This approach is getting broader attention through initiatives such as #Maketechhuman and the Future of Life Institute. The first is launched by Nokia in partnership with Wired magazine and aims to generate global discourse about the impact of technology on humanity. The initiative produces publications, discussion meetings and podcasts. The Future of Life Institute is advised by actors (Alan Alda, Morgan Freeman), scholars (Eric Brynjolfsson), and entrepreneurs (Elon Musk) among others. Its web site describes the Institute’s aim as “safeguarding life and developing optimistic visions of the future, including positive ways for humanity to steer its own course considering new technologies and challenges.” 

A 2015 article in the Harvard Business Review adds further flesh to the idea of machines that complement and augment humans. It identifies five specific pathways through which such augmentation can occur. The pathways have a catchy labels: step up, step aside, step in, step narrowly and step forward. The “step aside” pathway, for example, involves letting automation take care of the mechanical while the human contributes human skills that cannot be replicated by a machine such as empathy, intuition, taste, humor and the like. Similarly, the “step narrowly” path involves “finding a specialty within your profession that wouldn’t be economical to automate.” HBR articles are behind a hefty paywall but readers get three free articles per month and I would recommend that you use one of your free articles for this piece.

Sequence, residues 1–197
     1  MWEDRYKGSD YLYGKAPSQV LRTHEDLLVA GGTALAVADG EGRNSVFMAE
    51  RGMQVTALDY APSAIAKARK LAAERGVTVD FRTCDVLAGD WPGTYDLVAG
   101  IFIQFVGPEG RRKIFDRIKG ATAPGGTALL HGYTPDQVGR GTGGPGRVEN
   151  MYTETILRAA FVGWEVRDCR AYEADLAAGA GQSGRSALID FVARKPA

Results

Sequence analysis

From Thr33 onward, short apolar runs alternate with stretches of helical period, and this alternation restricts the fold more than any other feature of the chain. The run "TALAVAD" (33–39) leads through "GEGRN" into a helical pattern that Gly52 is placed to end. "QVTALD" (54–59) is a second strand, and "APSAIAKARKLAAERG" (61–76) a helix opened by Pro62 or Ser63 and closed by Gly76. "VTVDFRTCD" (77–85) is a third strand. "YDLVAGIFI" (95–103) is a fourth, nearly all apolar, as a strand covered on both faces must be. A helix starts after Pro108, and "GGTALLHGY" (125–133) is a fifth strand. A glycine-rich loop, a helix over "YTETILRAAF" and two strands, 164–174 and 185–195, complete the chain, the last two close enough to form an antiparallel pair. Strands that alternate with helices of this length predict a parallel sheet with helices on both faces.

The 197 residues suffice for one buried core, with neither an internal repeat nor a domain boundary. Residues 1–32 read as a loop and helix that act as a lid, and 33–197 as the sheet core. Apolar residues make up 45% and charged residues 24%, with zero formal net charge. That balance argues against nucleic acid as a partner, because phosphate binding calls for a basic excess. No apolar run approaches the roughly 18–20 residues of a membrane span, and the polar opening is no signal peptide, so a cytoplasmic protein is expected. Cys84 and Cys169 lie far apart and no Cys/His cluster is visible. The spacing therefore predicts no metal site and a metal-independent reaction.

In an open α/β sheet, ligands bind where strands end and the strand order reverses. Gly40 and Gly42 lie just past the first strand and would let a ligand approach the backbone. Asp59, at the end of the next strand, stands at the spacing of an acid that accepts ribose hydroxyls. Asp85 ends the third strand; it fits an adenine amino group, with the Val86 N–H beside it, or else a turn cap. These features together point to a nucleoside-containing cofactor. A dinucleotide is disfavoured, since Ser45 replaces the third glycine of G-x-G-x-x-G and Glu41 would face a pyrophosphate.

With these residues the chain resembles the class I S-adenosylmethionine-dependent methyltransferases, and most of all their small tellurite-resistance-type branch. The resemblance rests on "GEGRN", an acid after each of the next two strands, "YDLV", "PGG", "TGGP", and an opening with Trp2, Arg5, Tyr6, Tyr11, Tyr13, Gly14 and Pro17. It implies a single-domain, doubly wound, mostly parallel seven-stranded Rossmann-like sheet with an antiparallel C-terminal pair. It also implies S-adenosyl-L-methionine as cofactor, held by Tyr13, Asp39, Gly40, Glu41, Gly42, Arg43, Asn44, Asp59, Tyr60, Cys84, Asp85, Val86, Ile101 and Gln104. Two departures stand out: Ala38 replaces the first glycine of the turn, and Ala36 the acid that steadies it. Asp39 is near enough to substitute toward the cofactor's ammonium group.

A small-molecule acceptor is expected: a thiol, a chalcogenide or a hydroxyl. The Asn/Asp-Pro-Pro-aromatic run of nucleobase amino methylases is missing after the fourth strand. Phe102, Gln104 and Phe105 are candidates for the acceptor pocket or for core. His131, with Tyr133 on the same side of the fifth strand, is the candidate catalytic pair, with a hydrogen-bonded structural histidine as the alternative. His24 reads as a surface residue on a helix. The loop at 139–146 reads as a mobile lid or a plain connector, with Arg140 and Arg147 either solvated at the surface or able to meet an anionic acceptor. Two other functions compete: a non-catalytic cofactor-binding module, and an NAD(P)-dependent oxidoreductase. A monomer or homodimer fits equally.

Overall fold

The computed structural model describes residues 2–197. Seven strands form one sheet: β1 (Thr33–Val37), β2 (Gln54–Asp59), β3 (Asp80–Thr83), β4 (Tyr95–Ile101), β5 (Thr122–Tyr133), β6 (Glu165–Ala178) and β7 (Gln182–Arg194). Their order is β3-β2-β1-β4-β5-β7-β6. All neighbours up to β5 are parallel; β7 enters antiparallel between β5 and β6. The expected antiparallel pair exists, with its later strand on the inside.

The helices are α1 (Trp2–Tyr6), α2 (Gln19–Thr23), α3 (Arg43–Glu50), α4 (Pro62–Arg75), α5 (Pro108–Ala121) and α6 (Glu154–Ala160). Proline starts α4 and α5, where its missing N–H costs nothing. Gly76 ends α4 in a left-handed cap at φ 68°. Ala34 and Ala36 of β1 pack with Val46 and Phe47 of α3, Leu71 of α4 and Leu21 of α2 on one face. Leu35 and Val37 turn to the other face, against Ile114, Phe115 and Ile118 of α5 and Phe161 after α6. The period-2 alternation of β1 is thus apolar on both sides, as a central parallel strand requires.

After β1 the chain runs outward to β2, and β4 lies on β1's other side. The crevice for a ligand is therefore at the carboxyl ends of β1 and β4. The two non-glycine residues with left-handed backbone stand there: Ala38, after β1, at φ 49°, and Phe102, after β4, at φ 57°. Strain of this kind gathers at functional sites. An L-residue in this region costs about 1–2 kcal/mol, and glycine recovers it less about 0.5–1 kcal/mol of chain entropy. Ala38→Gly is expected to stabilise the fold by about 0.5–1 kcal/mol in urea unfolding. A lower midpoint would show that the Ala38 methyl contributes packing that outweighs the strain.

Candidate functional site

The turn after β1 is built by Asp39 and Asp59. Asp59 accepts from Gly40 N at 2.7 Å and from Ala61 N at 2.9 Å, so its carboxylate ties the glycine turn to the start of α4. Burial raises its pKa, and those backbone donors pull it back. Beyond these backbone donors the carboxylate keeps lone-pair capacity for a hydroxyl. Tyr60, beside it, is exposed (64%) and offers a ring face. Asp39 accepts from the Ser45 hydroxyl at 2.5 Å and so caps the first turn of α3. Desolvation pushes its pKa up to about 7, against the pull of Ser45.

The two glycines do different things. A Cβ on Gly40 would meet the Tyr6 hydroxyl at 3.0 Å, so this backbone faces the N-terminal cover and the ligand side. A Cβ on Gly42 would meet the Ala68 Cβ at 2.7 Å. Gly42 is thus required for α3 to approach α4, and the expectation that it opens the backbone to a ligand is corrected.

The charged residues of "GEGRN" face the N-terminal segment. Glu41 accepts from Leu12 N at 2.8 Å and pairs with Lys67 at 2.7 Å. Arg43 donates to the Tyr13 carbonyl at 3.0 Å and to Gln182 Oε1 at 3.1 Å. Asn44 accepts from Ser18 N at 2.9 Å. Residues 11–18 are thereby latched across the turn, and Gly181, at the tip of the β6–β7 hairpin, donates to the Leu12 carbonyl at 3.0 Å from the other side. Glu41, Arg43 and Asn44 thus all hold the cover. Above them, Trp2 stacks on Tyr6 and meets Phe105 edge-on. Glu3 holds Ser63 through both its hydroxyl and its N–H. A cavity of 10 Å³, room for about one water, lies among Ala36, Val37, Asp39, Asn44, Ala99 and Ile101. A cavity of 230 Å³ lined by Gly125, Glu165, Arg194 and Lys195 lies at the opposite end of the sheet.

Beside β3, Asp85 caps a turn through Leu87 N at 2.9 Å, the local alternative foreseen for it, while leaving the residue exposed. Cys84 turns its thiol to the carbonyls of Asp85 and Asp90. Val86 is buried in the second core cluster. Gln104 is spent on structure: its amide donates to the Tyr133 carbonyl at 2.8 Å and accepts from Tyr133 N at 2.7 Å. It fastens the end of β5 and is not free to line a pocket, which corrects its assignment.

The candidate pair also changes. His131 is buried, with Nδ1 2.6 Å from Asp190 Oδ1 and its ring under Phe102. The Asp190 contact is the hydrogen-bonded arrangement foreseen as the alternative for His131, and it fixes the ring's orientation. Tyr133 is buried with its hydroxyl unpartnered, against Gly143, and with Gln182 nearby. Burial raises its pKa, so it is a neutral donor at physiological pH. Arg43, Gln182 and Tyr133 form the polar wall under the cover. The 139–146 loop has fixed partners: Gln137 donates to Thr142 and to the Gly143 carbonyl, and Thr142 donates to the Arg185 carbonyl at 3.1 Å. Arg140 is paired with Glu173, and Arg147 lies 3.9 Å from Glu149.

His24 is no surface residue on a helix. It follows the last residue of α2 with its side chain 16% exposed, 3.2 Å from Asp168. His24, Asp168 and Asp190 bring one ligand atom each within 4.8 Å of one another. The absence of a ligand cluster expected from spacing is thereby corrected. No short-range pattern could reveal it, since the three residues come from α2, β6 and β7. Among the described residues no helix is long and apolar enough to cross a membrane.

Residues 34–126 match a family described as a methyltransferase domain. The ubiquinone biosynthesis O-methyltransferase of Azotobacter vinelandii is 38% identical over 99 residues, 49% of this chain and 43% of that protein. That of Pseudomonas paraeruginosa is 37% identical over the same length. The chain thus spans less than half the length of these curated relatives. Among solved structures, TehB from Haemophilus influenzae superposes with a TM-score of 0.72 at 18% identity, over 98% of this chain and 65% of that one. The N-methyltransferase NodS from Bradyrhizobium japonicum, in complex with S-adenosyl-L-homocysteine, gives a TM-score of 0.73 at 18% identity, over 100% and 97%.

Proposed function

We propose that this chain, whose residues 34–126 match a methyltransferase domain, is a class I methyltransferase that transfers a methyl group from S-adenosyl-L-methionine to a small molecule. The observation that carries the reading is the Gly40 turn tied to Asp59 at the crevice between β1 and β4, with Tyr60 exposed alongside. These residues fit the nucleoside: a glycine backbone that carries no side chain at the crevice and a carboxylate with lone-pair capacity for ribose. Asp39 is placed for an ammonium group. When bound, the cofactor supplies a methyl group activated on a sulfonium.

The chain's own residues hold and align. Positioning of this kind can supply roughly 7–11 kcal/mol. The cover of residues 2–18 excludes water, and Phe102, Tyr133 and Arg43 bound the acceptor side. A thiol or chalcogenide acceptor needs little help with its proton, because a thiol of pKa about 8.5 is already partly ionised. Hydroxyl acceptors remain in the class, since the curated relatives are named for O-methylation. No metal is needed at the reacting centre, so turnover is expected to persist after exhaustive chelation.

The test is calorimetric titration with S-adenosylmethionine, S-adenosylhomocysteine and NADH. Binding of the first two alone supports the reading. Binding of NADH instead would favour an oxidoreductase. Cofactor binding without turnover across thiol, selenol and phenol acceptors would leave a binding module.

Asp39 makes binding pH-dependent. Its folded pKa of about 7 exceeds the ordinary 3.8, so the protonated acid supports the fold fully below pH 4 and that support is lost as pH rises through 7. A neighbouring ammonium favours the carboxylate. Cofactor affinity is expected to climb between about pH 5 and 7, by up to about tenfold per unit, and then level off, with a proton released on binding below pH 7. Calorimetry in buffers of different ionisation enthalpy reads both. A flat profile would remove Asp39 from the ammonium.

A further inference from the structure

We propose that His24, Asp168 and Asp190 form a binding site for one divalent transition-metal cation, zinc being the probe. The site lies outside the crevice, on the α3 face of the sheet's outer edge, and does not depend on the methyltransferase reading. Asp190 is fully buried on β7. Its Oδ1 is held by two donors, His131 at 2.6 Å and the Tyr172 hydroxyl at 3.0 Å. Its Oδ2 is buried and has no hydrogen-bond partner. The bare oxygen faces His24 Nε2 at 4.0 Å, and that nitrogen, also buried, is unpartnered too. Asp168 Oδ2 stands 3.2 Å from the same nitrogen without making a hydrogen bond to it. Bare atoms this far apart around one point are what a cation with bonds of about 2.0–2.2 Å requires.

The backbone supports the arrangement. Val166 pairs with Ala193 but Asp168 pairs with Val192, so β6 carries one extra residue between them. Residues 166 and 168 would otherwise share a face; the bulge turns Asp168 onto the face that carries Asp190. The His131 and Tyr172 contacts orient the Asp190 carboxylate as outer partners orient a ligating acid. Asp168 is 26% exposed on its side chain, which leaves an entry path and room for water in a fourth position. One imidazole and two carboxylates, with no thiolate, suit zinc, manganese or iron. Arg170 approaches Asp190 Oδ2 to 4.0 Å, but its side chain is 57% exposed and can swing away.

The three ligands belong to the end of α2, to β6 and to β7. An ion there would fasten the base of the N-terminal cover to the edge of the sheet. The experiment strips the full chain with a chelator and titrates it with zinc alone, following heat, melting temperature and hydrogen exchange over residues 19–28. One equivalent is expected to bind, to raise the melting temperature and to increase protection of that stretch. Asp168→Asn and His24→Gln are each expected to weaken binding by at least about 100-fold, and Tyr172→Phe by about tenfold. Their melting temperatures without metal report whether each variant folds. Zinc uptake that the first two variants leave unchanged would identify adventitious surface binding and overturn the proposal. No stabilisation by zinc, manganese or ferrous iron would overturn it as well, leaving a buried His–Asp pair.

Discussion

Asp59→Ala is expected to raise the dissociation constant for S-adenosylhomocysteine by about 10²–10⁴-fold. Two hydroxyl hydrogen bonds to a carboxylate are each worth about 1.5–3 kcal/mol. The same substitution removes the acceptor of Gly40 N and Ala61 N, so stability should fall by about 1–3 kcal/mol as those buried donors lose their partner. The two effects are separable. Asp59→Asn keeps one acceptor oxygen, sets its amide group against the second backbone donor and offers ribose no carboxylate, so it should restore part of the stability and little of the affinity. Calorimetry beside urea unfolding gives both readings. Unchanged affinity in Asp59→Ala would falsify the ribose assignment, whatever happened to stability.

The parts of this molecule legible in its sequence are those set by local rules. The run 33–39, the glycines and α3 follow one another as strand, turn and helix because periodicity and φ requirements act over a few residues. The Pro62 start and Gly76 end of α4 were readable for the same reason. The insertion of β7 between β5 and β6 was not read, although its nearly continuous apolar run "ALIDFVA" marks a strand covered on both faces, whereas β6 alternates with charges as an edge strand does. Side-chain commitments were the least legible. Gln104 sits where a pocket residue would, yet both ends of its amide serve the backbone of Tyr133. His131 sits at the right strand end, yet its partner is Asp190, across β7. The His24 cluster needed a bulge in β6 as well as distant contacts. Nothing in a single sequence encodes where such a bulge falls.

Adaptive automation can help us refine and redefine our automated, digital future in which humankind is at the center. The idea needs to seep into how software engineers and other technologists are educated, where government research and development funding goes, and into the conscience of inventors and investors to routinely ask themselves if what they are inventing or investing in would help or hinder human wellbeing.

Redefining work 

The idea here is to take a good look at the concept of “work” and its personal and social manifestations. I thought of this idea while writing the Prologue to this content. 

Over the centuries, working for an income has become central to our lives and in our societies. We associate work with self-value and our value in society. For most of us education is much less about learning a subject of interest but more about getting a job based on the degree earned. In addition to an income, work gives people a purpose, a daily schedule, anchoring projects, accomplishments to be had, as well as a social life based on the workplace. 

We take work related “failures” as personal failures. Getting our first job and earning our own living are our graduation into adulthood. We associate not working with being unworthy. Many consider being on some sort of social welfare “low status.”